Author: Erin Bowman
Published: April 16, 2013
From the Publisher: There are no men in Claysoot. There are boys—but every one of them vanishes at midnight on his eighteenth birthday. The ground shakes, the wind howls, a blinding light descends…and he’s gone.
They call it the Heist.
Gray Weathersby’s eighteenth birthday is mere months away, and he’s prepared to meet his fate–until he finds a strange note from his mother and starts to question everything he’s been raised to accept: the Council leaders and their obvious secrets. The Heist itself. And what lies beyond the Wall that surrounds Claysoot–a structure that no one can cross and survive.
Climbing the Wall is suicide, but what comes after the Heist could be worse. Should he sit back and wait to be taken–or risk everything on the hope of the other side?
*I received an ARC from HarperTeen but that did not influence the review*
Holy intense book! What a ride. I nearly read this in one sitting but was so stressed I had to put it away for the night. By the way, that is a really, really good thing when a book affects me like that.
Cover Love: Let’s just talk cover love. How stunning is it? Exactly how I picture a post-apocalyptic scene with the orange sky.
The Story: When I read the first line of the synopsis “There are no men in Claysoot. There are boys…” That was enough to draw me in! As I started to read the whole society got more bizarre by the minute! However, some things, like first love can never be rewritten and the romance that blossomed was perfect, even within the confines of the wall surrounding Claysoot. But as with every dystopian society, the rules must be questioned by someone, and those “someones” are Gray and Emma.
All boys are taken at midnight on their 18th birthday. Anyone who tries to climb over the wall does not survive, as their burned body is found returned to Claysoot. While most society members accept this life, we get to meet those who question it, as clues start to point towards too many inconsistencies.
The Worlds: Without giving anything away, so different! And then so different, and then so different. I think the whole range was covered in this book.
The Leading Characters:
Gray Weathersby had stormy gray eyes (le sigh) and reckless behavior. He felt that his impulsive actions were a personality flaw, but this characteristic was what actually made him so special. He thought with his gut, and it ended up getting him quite far in life. To really top off this crush was his bravery and honor. He may have thrown a punch here and there, but any major decision he made was for something he truly believed in.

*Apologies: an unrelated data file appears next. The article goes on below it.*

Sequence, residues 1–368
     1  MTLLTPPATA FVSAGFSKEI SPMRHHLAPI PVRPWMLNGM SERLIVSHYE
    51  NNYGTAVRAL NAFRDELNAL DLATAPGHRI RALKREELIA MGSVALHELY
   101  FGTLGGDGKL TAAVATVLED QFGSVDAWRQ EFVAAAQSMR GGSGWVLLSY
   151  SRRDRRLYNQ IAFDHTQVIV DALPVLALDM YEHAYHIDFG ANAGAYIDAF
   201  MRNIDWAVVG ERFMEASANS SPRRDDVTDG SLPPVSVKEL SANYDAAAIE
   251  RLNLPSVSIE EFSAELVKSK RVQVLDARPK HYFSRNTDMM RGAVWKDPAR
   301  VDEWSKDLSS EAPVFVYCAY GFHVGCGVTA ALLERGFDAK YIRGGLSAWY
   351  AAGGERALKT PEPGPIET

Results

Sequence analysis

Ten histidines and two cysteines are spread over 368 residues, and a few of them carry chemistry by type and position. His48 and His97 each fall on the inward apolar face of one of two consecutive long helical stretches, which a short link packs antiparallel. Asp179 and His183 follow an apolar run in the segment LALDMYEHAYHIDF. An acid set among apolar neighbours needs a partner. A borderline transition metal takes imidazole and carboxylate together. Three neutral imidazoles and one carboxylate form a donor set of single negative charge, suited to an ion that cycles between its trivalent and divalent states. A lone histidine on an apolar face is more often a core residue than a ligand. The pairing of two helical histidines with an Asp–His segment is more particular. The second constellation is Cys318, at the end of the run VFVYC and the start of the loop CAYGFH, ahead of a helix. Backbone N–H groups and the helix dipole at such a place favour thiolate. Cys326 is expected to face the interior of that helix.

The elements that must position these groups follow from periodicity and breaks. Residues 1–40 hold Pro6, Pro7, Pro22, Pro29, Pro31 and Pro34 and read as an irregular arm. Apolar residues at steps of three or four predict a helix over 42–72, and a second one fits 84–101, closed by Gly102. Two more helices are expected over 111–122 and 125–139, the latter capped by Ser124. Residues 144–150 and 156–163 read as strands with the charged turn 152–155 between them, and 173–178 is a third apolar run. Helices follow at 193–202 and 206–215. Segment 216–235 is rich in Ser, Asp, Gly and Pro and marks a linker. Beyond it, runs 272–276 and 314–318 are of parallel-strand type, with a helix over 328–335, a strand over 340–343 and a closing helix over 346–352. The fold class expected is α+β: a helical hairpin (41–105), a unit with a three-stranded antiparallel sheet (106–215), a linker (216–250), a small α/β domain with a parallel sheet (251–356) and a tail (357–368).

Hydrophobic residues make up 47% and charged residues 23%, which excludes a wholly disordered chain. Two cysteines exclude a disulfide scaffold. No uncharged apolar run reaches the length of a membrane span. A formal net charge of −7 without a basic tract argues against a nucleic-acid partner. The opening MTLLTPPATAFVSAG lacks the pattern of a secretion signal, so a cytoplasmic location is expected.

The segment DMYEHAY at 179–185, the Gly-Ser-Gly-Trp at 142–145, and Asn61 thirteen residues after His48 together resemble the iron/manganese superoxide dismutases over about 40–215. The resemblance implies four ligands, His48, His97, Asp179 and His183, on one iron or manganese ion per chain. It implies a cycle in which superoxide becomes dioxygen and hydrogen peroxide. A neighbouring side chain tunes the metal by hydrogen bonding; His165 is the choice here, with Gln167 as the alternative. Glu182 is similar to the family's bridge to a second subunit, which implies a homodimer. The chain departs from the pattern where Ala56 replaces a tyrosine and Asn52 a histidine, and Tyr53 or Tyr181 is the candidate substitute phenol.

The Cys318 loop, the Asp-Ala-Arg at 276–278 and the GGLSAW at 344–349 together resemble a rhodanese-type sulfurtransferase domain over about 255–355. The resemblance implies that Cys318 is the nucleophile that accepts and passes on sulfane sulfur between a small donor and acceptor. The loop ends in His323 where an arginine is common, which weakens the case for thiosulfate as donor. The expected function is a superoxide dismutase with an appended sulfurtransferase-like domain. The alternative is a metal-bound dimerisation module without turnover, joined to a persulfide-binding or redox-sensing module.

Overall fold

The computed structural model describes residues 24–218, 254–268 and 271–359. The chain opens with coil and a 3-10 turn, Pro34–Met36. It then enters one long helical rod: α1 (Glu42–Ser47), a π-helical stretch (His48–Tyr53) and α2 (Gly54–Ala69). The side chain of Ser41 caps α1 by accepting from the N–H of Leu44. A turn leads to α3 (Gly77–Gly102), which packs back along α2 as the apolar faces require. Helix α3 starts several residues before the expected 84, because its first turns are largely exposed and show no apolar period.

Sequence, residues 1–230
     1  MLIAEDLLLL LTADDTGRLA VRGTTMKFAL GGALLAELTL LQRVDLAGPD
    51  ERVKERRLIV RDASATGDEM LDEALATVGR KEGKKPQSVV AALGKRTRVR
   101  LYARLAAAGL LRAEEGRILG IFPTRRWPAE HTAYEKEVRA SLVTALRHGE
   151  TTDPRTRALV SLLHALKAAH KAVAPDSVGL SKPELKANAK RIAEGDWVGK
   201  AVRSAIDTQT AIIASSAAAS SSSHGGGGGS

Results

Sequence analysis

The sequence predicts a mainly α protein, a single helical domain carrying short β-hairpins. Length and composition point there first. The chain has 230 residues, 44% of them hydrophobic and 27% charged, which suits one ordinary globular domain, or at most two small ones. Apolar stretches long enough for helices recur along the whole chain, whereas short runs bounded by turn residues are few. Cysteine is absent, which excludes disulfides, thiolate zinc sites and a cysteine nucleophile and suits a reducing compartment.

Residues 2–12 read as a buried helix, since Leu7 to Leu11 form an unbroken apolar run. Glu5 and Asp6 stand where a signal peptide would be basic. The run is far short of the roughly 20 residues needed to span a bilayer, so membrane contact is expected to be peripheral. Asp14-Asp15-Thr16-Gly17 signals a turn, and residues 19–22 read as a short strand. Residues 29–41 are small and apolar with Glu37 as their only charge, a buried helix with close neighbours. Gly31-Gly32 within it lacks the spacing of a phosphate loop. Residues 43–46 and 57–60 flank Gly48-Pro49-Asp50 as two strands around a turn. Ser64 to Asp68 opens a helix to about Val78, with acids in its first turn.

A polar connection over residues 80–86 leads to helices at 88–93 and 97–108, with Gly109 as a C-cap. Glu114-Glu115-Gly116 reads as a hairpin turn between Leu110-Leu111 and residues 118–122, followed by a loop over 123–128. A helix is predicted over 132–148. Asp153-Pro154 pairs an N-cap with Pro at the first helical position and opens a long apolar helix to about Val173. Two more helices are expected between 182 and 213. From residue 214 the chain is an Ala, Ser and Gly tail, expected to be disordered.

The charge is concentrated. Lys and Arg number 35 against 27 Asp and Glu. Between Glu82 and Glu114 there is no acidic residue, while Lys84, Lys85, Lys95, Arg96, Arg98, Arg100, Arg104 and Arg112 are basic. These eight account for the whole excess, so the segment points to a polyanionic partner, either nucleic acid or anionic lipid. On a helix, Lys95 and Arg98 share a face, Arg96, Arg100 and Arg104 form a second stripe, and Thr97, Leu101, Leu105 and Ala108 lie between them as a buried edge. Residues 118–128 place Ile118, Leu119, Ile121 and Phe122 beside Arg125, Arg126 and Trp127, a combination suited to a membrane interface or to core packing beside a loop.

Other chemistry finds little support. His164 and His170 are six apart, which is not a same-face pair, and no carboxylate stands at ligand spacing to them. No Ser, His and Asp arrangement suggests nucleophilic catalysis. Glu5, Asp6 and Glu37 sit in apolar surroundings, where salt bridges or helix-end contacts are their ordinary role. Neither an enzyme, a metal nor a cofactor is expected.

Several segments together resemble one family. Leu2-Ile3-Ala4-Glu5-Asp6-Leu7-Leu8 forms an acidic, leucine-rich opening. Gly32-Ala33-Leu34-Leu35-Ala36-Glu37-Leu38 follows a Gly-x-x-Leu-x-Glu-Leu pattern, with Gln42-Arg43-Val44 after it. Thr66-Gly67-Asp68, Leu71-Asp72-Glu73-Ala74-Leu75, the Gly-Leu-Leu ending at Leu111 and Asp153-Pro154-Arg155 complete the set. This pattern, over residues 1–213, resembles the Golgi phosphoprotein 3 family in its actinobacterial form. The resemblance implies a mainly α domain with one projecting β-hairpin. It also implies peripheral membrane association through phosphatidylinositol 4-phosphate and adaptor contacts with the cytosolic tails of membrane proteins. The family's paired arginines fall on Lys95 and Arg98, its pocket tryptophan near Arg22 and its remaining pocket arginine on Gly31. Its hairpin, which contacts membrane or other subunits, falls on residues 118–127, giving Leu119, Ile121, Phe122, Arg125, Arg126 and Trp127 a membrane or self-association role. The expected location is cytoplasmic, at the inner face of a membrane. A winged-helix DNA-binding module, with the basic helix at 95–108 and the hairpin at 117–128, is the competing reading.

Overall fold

Blaine Weathersby had bright blue eyes and a gentle personality. Those were the only 2 things that made him different from his brother Gray. Everyone in Claysoot loved him.
Emma might look frail, but she certainly wasn’t and I loved that. She was smart, compassionate and not afraid to take a risk. She had a good head on her shoulders and knew when to question things, which made her perfect for a dystopian book.
Bree was so tough in so many ways, but I loved when her soft side made appearances. She thought so quickly on her feet…she is definitely someone I’d like to have if I were to go on any of these missions.
The Romance: Yes, please! Let’s just say as soon as Gray said he wanted what he couldn’t have, I knew I was sold. But then…argh, my heart!! Let’s just say I liked how it was done, and it was NOT what I expected. At all.
Twists and Turns: (This and romance are always my favorite bullet points) I don’t even know where to begin with conspiracies and lies and twists and turns and double crossings….and I FREAKING LOVE THAT. It was getting to a point where I didn’t know how something could be topped and I would turn the page and bam! I did not see that coming.
The Ending: Um, wow. Have I said that I was shocked yet in this review? I love the direction the story is taking and I can’t wait to see what happens in the next installment as Gray and his group head out on a mission. My curiosity is beyond peaked.
Any Gripes: A small one, but it bugged me the entire book. The technology was a little off. I’m not referring to bad experiments, because bad experiments are what make sci-fi novels so good. I’m referring to the actual science and technology, like forgeries and vaccines. No one knows any real details, yet people will blindly take a satchel full of syringes from a source that might double cross them, and to top if off no one discusses dosages, or if the vaccine is what it really is. If someone with any type of science background reads this, they will pick up on this right away. However, I took it with a grain of salt and enjoyed the story.
Rec it? Yes! If you love apocalyptic, dystopian, sci-fi novels with gray eyed impulsive heroes, this is a must for your shelf!
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